Delivery workers and the interplay of digital and mobility (in)justice

Delivery workers and the interplay of digital and mobility (in)justice
AuthorGiovanni Vecchio, Ignacio Tiznado-Aitken, Camila Albornoz, Martín Tironi
Line(s)Acceso y movilidad
Year of Publication2022
Journal TitleDigital Geography and Society
Gig economy workers, On-demand delivery services, Precariousness, Mobility, COVID-19 pandemic

On-demand delivery services are experiencing a moment of expansion, which the COVID-19 pandemic contributed to foster. For cities in quarantine, these services allow the supply of food and other primary goods without moving from home, making riders move and access them on behalf of the clients. During a pandemic, working as a rider potentially increases the risks of an already precarious job given the contractual arrangements and the algorithmic control that characterize this gig economy sector. We argue that platforms have generated forms of injustice that are reproduced and amplified by digital platforms encoded in the Global North, which are governed by regulations and optimization criteria that do not dialogue with the precarious reality of Global South cities. Focusing on the case of Santiago de Chile, our analysis draws on the triangulation and complementarity of two instruments: interviews before the COVID-19 pandemic and surveys involving riders during the COVID-19 pandemic. Our findings show that platforms generate specific forms of injustice that affect riders and their mobility in particular. The COVID-19 pandemic worsened such forms of digital injustice, increasing the pressure for constantly working and the exposure of riders to threats such as accidents, criminality and health risks.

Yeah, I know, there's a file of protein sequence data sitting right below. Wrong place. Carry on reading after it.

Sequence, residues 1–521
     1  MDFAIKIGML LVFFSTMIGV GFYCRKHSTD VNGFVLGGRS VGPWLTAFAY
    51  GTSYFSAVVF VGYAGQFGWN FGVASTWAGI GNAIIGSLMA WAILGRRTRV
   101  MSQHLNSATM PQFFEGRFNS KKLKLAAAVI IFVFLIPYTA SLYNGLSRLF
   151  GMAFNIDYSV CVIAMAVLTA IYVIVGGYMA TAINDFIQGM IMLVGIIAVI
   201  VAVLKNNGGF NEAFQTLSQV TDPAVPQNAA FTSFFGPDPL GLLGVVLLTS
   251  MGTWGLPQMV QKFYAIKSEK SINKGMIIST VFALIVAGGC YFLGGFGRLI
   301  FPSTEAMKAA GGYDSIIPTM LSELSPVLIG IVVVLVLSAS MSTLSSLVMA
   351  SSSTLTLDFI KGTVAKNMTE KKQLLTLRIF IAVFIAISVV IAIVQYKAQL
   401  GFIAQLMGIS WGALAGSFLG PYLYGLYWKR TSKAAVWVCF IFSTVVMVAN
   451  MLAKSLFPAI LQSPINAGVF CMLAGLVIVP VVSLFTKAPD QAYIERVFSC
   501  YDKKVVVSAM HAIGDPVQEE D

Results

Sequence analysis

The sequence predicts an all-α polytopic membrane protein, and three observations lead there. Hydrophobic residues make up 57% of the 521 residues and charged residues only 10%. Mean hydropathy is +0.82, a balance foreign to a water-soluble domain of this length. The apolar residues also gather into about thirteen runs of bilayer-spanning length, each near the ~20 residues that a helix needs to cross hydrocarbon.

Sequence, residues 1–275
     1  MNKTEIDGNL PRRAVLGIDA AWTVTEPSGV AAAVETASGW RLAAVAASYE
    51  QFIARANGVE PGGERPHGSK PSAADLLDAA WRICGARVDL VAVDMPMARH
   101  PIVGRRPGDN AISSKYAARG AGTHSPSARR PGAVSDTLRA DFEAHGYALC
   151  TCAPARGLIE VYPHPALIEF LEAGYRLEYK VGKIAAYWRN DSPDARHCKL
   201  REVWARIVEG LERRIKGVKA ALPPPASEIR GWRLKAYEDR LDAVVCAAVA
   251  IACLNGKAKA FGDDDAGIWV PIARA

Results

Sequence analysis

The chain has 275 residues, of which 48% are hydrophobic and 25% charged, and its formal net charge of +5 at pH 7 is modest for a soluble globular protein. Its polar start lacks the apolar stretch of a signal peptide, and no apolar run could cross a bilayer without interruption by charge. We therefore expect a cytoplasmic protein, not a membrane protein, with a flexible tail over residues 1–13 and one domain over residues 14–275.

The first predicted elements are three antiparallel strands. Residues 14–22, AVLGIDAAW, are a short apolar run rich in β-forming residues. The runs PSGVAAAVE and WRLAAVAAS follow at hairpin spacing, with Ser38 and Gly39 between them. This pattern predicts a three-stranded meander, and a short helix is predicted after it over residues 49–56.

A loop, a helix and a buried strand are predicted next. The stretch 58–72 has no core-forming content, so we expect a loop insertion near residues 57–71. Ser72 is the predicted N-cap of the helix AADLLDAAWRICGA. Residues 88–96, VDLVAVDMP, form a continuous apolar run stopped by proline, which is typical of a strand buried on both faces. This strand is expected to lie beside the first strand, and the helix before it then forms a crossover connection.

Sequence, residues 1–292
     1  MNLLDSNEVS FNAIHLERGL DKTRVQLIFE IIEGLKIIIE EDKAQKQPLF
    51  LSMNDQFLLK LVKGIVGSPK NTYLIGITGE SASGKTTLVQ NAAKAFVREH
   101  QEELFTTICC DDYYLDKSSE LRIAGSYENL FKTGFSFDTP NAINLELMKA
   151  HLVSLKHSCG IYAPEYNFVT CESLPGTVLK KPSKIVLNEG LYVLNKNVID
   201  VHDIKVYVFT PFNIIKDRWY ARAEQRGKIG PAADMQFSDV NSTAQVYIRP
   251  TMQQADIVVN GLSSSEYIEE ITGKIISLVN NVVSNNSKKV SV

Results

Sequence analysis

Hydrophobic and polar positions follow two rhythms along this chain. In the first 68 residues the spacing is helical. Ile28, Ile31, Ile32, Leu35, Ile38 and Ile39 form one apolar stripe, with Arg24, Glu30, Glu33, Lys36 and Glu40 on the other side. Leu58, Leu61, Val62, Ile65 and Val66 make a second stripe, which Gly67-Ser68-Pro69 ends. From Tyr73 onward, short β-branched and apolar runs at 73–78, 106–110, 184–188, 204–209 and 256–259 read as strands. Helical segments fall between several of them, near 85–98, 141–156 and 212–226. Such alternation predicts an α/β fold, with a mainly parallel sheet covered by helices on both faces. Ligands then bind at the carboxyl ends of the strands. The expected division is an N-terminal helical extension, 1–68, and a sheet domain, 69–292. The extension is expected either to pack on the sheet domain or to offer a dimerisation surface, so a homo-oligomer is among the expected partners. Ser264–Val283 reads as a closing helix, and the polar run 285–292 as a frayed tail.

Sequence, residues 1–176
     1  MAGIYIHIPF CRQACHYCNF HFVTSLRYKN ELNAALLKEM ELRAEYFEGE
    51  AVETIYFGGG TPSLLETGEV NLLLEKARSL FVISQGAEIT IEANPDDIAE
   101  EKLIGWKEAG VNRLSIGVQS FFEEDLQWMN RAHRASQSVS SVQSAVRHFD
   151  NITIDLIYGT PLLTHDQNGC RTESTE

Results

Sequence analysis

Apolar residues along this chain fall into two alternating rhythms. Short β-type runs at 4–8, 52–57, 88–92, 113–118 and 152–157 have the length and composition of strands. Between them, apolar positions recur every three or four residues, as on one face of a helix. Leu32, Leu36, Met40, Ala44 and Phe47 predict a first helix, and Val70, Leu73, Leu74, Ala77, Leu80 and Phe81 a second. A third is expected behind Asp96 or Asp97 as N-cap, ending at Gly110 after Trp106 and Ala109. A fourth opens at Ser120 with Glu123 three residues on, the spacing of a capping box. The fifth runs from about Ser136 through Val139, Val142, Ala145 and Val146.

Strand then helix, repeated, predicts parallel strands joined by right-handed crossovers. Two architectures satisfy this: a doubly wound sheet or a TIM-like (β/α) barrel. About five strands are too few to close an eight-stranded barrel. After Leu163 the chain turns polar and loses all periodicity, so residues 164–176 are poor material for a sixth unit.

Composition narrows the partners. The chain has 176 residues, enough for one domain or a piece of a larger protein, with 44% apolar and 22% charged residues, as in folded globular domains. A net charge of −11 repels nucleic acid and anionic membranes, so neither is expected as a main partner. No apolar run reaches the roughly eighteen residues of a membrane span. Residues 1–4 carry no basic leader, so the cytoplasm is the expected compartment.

Corresponding AuthorGiovanni Vecchio